Re: [gst-devel] Re: Helix Player virtual team meeting
- From: Thomas Vander Stichele <thomas apestaart org>
- To: Rob Lanphier <robla real com>
- Cc: Julien MOUTTE <julien moutte net>, gnome-multimedia gnome org, desktop-devel-list gnome org, gstreamer-devel lists sf net, licensing open helixcommunity org
- Subject: Re: [gst-devel] Re: Helix Player virtual team meeting
- Date: Thu, 11 Dec 2003 11:59:41 +0100
I appreciate the time you invest in answering to our thoughts.
> > It's not a matter of whether it is opensource or not. It might very
> > well be certified and seem to be in line with open source, but ...
> I respect the Open Source Initiative a lot, because they've taken the
> time to establish standards, instead of forcing everyone to have
> one-on-one case-by-case discussions of what does or doesn't "qualify".
I do to. What I'm arguing is that we aren't so much worried whether or
not it is open source. We are more worried about certain other
aspects. The fact for example that the two licenses seem to be
incompatible with the GPL is a big problem for GNOME in general.
Anyway, I'm trying to get some statement on something more important to
me, see below.
> > > Quoting the portion of the RPSL that you quoted out of context is very
> > > misleading. For starters, I encourage everyone to look at the whole
> > > license:
> > I also checked the whole license. I don't really see how quoting only
> > part of the license (ie the part that Julien wanted to focus on) makes
> > that part of the license any less valid.
To clarify, the quote came from the terms and conditions that we get
presented with when registering on the site. The two licenses seem more
or less fine as far as I can make out as a non-legal person.
However, it seems that once you are ready to register and download code
and what not, you get presented with a terms and conditions page
where the paragraph regarding ownership was lifted from.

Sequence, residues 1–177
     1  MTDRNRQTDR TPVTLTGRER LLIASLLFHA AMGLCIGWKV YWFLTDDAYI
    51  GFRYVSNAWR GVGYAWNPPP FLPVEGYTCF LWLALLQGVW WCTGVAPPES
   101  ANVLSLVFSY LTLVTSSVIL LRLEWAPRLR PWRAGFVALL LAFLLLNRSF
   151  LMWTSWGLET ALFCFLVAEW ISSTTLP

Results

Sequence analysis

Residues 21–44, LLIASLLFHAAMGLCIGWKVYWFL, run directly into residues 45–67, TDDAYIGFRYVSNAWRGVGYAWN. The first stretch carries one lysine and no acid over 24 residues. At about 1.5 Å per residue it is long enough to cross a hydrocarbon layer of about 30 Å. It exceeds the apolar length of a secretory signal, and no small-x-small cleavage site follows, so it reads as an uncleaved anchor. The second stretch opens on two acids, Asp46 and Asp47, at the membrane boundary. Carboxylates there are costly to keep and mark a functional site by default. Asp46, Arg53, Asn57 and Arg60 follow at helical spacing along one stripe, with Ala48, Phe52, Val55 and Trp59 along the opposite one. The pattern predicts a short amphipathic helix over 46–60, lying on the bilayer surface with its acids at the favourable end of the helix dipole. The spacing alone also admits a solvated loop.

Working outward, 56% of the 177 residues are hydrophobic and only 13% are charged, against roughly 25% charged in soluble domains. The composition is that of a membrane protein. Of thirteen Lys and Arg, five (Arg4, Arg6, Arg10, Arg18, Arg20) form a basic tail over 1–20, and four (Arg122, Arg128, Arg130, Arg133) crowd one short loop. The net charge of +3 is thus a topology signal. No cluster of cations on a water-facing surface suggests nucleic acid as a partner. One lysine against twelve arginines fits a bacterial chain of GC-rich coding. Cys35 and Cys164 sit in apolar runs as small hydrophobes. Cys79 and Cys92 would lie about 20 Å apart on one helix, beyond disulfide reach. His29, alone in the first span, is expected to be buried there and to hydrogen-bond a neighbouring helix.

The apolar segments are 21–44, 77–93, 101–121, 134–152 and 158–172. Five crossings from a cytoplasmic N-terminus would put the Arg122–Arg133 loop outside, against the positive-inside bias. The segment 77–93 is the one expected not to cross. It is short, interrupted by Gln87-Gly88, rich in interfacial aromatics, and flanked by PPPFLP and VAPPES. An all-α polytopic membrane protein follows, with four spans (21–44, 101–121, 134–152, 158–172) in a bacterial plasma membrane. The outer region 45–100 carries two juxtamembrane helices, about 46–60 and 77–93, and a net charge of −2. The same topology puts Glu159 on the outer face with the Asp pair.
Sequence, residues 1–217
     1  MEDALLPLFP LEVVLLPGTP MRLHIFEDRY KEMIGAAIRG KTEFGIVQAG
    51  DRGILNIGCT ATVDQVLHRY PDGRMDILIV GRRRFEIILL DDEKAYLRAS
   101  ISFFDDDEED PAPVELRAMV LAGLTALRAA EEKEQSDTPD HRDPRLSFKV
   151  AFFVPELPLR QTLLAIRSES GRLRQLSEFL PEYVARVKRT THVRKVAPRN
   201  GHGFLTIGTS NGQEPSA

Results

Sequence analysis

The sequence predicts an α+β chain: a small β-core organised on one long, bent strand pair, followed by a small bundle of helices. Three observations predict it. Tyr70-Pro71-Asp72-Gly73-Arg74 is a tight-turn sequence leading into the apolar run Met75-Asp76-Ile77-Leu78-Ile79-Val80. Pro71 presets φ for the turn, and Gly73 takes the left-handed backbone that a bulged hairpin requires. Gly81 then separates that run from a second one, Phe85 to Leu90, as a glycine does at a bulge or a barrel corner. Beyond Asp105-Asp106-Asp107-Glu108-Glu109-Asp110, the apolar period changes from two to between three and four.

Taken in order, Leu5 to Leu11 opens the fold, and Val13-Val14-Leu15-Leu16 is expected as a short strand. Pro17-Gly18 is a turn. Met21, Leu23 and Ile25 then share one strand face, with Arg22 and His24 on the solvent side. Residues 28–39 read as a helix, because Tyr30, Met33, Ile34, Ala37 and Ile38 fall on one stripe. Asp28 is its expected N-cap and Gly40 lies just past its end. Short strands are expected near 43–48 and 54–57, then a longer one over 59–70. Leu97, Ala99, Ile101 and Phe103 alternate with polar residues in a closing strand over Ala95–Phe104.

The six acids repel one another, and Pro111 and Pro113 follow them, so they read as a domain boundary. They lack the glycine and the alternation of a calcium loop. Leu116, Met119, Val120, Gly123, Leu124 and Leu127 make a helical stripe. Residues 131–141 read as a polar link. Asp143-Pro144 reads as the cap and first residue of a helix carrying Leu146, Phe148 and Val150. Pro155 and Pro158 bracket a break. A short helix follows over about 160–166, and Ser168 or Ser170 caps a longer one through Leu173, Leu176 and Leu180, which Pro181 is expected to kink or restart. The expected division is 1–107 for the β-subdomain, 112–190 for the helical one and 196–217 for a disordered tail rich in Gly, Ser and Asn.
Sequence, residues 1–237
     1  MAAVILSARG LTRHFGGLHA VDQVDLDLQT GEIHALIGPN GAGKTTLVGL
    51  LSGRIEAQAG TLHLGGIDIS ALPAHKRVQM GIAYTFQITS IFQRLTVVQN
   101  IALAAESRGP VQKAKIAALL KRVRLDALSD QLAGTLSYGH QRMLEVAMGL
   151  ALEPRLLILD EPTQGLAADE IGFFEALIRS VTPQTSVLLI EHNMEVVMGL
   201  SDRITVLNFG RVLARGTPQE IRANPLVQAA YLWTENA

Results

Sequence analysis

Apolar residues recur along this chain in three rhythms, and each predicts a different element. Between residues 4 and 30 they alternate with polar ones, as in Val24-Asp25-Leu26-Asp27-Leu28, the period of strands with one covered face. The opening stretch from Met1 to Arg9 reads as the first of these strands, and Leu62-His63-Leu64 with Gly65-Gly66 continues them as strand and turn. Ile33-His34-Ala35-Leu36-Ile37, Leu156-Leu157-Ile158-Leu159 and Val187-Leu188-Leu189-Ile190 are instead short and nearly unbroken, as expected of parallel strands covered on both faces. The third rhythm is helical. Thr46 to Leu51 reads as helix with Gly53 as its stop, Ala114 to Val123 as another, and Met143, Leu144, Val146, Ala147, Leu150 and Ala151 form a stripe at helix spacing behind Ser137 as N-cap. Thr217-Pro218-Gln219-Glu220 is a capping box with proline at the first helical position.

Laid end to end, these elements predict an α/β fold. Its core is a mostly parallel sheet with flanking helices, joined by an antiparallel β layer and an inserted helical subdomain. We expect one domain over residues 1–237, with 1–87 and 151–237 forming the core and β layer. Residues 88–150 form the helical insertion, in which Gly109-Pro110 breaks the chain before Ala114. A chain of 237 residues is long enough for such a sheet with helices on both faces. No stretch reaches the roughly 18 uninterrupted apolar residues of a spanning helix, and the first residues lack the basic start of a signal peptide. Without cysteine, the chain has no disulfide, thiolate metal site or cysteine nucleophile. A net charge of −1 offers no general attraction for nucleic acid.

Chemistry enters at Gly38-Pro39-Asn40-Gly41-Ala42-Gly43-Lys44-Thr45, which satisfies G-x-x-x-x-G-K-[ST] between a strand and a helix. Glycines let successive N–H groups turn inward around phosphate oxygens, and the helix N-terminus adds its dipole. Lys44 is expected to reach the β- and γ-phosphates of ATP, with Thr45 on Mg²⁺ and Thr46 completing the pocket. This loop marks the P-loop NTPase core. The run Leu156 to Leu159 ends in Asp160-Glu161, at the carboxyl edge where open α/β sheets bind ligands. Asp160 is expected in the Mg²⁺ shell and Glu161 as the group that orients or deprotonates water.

Now, both Julien and I have tried getting an explanation of what this
paragraph means and why these terms are completely different from the
two licenses. In one mail you quoted parts from those two licenses, but
Julien wasn't asking about those two licenses, he was asking about the
my mail, but again the subject is evaded. And I still have no clue what
those terms intend to mean, how they mean anything other than "Real owns
you when you submit code", and how you feel we should interpret it.
Let me repeat this part very clearly: we would like to know if the part
written, and really mean that Real owns copyright on submitted code. We
can discuss other stuff all day long but without an answer to this I
don't think you will get people going and submitting code. So let's
clear that hurdle first.
> I'm not sure I see how this hurts a potential contributor. Yes, we
> could use their code in a proprietary product, but it's not like the BSD
> situation where you can have total parasites who take from the
> community, and never give back. This is a special right granted to us
> as contributors of the code....
> it seems like reasonable quid pro quo to
Right, and I might agree to some level :) On the other hand, you're not
trying to get you to develop. You're trying us to get to develop :) So
it needs to seem reasonable to us.